New Mexico Supreme Court Legalizes Same-Sex Marriage
New Mexico, the only state without a law specifically allowing or prohibiting gay marriage, was barred by its supreme court from denying same-sex couples the right to marry.
New Mexico’s high court issued its decision today in response to a request by county clerks to clarify their obligations after a judge in August ordered the clerks of Bernalillo County and Santa Fe County to issue marriage licenses to couples without regard to their gender or sexual orientation. New Mexico joins 16 other states and the District of Columbia that have legalized gay marriage.
Bryan Cave Selects Pritchard as First Woman to Lead Firm
Bryan Cave LLP named Washington partner Therese D. Pritchard as the next chairwoman, giving the firm its first woman head in its 140-year history and the first firm leader to come from an office outside St. Louis.
Pritchard, who is the head of the firm’s white collar, securities enforcement and litigation client service group, will take the helm in October after working alongside Don G. Lents, who has been firm chairman since 2004.
JPMorgan, Denmark Bitcoins, EU Securities: Compliance
The spread of Bitcoins is prompting regulators in Scandinavia to draft new rules in an effort to prevent virtual money from slipping into a legal gray zone.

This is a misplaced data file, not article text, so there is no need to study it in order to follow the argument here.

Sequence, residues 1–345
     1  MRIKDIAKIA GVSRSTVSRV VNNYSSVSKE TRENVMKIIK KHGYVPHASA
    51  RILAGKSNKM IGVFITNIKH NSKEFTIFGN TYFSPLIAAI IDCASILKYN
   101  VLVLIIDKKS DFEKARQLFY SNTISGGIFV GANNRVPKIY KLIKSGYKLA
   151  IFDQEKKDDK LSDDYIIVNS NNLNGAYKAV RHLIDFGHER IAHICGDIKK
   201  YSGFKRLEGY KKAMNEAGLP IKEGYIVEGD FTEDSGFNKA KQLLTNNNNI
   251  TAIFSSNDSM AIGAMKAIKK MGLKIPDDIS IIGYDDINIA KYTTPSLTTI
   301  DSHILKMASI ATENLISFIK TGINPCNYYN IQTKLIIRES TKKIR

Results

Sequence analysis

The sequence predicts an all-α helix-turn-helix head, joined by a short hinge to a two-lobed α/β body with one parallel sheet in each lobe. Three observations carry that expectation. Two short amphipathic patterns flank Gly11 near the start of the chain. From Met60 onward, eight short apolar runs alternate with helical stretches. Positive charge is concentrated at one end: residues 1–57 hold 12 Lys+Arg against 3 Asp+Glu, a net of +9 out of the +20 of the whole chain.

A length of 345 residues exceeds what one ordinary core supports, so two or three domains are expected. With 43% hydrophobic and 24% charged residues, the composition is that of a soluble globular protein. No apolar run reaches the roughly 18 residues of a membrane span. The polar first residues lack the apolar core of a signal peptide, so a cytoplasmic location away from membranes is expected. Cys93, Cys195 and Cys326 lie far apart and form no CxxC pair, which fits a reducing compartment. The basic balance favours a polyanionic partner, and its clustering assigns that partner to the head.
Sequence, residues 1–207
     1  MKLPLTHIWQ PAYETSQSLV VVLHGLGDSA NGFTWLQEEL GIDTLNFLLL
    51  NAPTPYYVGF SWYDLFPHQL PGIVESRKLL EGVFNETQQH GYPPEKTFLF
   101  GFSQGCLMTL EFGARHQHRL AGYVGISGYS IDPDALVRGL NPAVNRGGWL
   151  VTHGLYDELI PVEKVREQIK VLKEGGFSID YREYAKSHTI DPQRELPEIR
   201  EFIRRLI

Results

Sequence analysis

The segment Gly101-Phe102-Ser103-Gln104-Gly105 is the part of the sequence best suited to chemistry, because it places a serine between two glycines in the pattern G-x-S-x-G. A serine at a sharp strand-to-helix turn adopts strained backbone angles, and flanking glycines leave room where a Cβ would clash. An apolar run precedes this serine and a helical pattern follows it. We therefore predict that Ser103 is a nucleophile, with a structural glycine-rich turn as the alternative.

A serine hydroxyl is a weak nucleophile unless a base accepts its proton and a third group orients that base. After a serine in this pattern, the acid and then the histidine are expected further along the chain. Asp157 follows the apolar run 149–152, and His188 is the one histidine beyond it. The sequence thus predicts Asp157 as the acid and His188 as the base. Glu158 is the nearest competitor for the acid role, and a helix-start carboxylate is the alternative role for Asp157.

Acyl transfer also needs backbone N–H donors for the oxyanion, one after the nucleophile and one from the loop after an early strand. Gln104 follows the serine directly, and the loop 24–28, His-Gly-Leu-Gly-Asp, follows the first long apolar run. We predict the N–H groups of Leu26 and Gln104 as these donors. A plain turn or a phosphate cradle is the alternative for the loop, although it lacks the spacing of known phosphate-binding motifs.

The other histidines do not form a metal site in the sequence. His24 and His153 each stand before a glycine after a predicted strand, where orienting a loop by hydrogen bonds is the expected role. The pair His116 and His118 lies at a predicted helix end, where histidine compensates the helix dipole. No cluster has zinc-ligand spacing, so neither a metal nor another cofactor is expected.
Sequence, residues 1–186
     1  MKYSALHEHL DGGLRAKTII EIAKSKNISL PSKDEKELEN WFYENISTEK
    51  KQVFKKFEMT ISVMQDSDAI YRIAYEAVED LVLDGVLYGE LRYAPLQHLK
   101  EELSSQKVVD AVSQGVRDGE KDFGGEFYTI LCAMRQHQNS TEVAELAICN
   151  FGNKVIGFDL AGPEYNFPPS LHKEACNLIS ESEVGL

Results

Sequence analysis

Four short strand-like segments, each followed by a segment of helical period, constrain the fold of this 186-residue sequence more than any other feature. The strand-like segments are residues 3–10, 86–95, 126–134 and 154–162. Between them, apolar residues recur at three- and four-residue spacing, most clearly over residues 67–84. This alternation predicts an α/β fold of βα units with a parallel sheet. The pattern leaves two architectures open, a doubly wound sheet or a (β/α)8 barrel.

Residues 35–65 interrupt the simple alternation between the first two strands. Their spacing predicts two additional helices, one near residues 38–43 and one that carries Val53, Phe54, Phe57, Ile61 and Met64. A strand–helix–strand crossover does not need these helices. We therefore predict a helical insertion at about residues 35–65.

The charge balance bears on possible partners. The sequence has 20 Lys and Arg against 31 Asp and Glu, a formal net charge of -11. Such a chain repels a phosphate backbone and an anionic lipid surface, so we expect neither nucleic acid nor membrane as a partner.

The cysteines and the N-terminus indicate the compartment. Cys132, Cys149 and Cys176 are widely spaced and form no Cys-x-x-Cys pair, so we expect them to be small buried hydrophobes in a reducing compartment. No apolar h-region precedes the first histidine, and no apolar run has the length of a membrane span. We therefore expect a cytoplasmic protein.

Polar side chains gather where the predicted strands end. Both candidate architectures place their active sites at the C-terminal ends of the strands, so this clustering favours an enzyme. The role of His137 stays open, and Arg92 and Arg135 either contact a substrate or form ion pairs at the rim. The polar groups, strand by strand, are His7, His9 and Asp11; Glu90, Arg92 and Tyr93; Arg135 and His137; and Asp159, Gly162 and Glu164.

Denmark is the latest nation to prepare standards to protect its consumers from risks associated with virtual currencies after the regulator found it lacked authority to prevent a company creating an exchange for the software.
Samsung, Apple, Coca-Cola, WWE: Intellectual Property
Samsung Electronics Co. (005930), Apple Inc.’s rival in the smartphone market, is seeking U.S. patent protection for a mobile device with dual screens.
Application 20130314338, published in the database of the U.S. Patent and Trademark Office on Nov. 18, covers a dual display apparatus and the method of its operation.
Eversheds’ Smith to Take Chairman Post: Business of Law
Paul Smith, an environmental lawyer and litigator, was elected chairman of Eversheds LLP for a four-year term beginning May 1. He succeeds John Heaps, who didn’t stand for re-election.
Smith, the firm’s client partner for DuPont Co., has defended multinational companies in relation to criminal investigations in the U.K., Europe and North America. He also has experience with law firm partnering and convergence.
Vodafone Pays 19% Less in U.K. Taxes After Spending Boost
Vodafone Group Plc (VOD)’s U.K. tax payments dropped 19 percent last fiscal year after the wireless carrier took advantage of breaks offered to companies that invest in local communication networks.
Vodafone paid 275 million pounds ($450 million) for the year ended in March 2013, down from 338 million pounds a year before, according to a statement from the Newbury, England-based company today. The sum includes fees paid on everything from garbage removal to property. Vodafone said its U.K. corporation tax, or the tax levied on profit, was negligible.